Ben Wizner is the Director of ACLU’s Speech, Privacy & Technology Project, which is dedicated to protecting and expanding the First Amendment freedoms of expression, association, and inquiry; expanding the right to privacy and increasing the control that individuals have over their personal information; and ensuring that civil liberties are enhanced rather than compromised by new advances in science and technology. He has litigated numerous cases involving post-9/11 civil liberties abuses, including challenges to airport security policies, government watchlists, extraordinary rendition, and torture. He has appeared regularly in the media, testified before Congress, and traveled several times to Guantanamo Bay to monitor military commission proceedings.
Ben will be joining us in Milwaukee for some events around the Milwaukee International Film Fest. The opening night of the festival features the film “1971.” The documentary recounts the story of a group of citizen activists who, during the height of the Vietnam War, broke into their local FBI office in Media, Pennsylvania, and stole hundreds of pages of confidential documents. They were never caught, and leaked the documents to the press, exposing the FBI’s extensive surveillance of the antiwar and civil rights movements. The film raises questions that—in the age of Edward Snowden and Julian Assange—seem more important than ever. What does the public have a right to know? And what, if any, limits are there to a free and unfettered press?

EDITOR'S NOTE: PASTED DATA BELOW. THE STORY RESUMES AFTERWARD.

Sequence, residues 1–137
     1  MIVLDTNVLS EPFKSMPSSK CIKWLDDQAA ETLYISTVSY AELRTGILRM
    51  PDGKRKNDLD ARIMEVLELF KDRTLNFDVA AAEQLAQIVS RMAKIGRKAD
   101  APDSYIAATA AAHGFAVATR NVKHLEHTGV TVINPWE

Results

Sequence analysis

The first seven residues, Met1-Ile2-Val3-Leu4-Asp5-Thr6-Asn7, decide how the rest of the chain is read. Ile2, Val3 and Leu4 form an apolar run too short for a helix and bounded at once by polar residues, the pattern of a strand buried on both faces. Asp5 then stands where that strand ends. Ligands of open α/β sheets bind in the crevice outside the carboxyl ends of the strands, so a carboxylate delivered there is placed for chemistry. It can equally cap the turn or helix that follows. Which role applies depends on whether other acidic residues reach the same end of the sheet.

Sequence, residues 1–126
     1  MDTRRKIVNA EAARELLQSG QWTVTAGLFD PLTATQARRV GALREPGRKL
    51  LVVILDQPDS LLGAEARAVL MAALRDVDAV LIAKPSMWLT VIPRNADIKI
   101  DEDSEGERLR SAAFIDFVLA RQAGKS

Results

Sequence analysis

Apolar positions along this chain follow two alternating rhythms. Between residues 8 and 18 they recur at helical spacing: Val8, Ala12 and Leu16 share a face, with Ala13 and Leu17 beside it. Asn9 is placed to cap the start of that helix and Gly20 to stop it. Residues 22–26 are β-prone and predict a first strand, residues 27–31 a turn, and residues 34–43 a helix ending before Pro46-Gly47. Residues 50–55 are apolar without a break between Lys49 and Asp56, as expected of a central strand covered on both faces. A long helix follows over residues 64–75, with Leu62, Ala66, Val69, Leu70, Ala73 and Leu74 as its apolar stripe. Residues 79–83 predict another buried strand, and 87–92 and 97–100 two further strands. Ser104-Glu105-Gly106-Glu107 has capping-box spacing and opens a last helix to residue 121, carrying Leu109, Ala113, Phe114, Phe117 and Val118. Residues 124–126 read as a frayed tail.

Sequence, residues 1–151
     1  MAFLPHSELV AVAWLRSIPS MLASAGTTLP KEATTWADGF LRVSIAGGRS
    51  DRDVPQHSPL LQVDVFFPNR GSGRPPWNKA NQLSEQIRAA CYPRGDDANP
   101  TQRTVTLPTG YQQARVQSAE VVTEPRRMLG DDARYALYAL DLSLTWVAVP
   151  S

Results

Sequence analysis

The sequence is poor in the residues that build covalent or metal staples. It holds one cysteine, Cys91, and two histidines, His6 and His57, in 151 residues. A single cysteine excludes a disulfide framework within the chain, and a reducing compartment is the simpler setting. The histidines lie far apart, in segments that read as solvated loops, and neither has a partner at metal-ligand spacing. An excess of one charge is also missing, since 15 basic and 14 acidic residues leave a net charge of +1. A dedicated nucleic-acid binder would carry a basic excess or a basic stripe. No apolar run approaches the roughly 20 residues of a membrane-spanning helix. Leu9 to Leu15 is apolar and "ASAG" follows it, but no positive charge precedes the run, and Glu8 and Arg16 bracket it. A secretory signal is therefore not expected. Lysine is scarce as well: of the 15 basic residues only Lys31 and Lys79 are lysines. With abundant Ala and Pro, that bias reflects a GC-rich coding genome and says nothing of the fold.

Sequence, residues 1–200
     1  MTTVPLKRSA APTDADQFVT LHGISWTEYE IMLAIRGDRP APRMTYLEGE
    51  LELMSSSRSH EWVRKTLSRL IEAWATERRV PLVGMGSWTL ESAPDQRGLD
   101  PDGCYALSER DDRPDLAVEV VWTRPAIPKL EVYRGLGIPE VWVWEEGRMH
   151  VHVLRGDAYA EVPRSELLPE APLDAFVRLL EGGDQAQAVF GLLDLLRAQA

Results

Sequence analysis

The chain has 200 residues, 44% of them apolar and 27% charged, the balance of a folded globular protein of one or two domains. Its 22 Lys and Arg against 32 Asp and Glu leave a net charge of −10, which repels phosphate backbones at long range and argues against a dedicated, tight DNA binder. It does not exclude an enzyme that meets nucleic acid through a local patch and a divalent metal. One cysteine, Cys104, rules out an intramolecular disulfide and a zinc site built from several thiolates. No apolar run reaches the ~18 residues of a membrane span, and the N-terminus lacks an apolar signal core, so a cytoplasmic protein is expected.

After 1971: The Media and Freedom of Information—Join us at Marquette University for a special On the Issues event, held in conjunction with this year’s Milwaukee Film Festival. Our conversation will feature the attorney for Edward Snowden, the ACLU’s Ben Wizner; Milwaukee Journal Sentinel reporter Dan Bice; and the vice-president of the Wisconsin Freedom of Information Council, attorney Christa Westerberg.